Dish Network for months has been engaging in a very public campaign against T-Mobile's plan to shut down its 3G CDMA network at the beginning of next year.
Charlie Ergen, Dish's chairman, went so far as to call T-Mobile CEO Mike Sievert the "Magenta Grinch." (Sievert recently responded by arguing that Ergen is just being cheap.)
But, according to some analysts, Dish's public relations campaign may be working. "Dish will benefit from some delay in T-Mobile's current plans," wrote the financial analysts at New Street Research in a note to investors over the weekend.
The tide started to turn against T-Mobile in July, when the acting assistant attorney general for the US Department of Justice (DoJ), Richard Powers, wrote that the agency's antitrust division is "left with grave concerns about the potential for a nationwide CDMA shutdown to leave a substantial proportion of Boost's customers without service."
However, the agency did not move against either Dish or T-Mobile on the issue, and instead urged both companies to work together on it.
At the heart of the issue is T-Mobile's plans to shutter the 3G CDMA network it acquired from Sprint, a move that Dish argues would affect an unspecified but "material" number of its Boost Mobile MVNO customers. T-Mobile has claimed the shutdown will allow it to improve its 5G network with spectrum currently used for 3G, and that Dish is simply dragging its feet in order to save money.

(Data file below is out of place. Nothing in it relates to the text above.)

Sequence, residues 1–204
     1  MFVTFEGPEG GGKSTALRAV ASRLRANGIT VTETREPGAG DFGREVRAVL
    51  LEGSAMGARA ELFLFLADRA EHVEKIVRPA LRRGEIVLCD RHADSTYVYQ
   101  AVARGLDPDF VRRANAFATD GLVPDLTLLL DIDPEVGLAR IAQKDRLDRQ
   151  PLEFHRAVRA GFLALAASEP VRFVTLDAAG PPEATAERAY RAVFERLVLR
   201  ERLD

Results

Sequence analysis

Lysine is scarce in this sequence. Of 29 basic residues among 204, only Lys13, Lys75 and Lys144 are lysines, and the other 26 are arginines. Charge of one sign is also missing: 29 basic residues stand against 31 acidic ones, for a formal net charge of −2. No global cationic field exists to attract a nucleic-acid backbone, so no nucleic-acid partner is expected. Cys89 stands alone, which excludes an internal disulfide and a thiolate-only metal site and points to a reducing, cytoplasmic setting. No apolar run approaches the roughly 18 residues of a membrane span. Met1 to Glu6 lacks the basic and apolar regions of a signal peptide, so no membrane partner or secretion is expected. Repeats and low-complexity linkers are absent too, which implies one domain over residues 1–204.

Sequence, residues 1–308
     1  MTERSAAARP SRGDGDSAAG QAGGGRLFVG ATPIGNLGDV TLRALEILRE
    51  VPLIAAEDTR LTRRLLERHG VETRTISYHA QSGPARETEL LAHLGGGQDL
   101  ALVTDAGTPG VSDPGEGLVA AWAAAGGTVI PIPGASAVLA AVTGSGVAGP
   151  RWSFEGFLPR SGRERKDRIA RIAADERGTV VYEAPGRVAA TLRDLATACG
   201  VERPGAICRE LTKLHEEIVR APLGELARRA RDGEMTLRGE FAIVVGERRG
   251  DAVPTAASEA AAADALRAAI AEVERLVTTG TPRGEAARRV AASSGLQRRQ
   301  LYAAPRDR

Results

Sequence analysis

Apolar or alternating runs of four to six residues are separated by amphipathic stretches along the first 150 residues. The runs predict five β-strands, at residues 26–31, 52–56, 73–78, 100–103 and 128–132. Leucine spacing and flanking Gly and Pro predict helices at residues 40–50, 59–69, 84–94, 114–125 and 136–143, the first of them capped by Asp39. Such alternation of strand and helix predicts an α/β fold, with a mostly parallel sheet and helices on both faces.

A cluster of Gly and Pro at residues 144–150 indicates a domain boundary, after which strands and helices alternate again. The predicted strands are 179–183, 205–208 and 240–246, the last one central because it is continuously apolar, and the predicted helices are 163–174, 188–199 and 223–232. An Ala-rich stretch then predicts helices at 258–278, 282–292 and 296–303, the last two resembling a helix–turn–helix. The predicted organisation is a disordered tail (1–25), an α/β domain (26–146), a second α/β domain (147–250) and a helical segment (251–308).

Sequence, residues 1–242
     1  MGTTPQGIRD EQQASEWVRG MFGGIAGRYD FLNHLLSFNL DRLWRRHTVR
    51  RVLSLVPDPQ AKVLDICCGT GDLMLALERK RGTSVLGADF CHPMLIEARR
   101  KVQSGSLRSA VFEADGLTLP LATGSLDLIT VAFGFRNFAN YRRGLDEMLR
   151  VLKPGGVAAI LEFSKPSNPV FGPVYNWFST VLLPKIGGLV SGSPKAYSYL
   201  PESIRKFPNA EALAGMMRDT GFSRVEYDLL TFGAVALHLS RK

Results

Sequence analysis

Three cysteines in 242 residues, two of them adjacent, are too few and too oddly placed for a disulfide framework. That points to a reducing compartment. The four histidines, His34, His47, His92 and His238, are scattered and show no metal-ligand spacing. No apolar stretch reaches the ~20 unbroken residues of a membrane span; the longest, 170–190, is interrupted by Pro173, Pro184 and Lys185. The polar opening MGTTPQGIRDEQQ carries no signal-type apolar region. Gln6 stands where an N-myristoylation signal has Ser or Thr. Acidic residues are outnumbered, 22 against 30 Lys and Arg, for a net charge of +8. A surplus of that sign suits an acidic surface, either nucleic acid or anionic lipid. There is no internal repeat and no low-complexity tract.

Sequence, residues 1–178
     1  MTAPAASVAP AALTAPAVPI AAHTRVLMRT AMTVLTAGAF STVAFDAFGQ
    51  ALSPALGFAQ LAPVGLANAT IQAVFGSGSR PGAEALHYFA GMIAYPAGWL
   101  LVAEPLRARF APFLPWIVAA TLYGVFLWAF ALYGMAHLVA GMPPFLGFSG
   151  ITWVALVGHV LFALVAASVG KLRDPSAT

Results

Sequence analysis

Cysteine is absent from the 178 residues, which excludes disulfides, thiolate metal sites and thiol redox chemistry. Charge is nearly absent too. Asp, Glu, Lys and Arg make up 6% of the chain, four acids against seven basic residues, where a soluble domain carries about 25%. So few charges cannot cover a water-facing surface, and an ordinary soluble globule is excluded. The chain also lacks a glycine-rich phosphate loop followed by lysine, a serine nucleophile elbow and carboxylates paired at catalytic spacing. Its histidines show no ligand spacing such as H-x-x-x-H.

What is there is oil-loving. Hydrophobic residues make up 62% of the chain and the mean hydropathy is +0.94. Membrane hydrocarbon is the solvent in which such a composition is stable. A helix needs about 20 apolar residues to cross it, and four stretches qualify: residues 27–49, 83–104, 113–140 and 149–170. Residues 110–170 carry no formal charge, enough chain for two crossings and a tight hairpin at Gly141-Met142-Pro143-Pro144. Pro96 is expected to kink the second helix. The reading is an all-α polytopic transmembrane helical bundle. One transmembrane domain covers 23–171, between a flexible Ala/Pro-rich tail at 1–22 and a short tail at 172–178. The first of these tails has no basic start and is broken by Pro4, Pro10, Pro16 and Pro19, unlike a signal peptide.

CPUC claims false statements, misleading assurances
While the DoJ took a mostly equanimous tone on the topic, the California Public Utilities Commission (CPUC) did not. "The commission relied on the specific false statements, omissions, and/or misleading assurances T-Mobile gave regarding its use of the PCS spectrum [used for 3G CDMA] and its repeated references to a three-year customer migration period without a degraded experience," the CPUC wrote in a ruling Friday. "Further, it appears that these false statements, omissions and/or misleading assurances and the related time references were intended to induce the commission to approve the [Sprint/T-Mobile] merger."
The CPUC argued that T-Mobile did not previously indicate it would quickly re-farm its 3G PCS spectrum for 5G, and that it said it would operate its 3G CDMA network for three years after the close of its Sprint deal, which occurred in 2020. As a result, the agency ordered T-Mobile to explain itself during a hearing to be held next month.
The New Street analysts believe the CPUC's ruling could spell trouble for T-Mobile. The agency "brought a hammer to the issue and clearly indicated how it intended to use it," the analysts noted.
However, they declined to speculate on an outcome, noting only that "we have to await T-Mobile's response to California."
"We absolutely disagree with the ALJ action, which we believe is meritless and without basis in fact. We look forward to presenting evidence and setting the record straight through the upcoming process," T-Mobile said in a statement in response to the CPUC ruling. "For months, T-Mobile has been working aggressively to ensure no customer is left behind as we transition to technology that will better serve them into the future. We remain committed to that goal."
The issue is noteworthy considering Dish recently inked a new MVNO agreement with AT&T specifically to give the company an alternative to T-Mobile's network.
T-Mobile isn't the only company facing heat over plans to shutter 3G. For example, the Alarm Industry Communications Committee recently argued that there are fully 6 million alarms installed in homes and businesses around the US that rely in part on the 3G networks operated by AT&T and Verizon. The group recently told the FCC that the carriers' 3G shutdown plans will be "harmful, even deadly."
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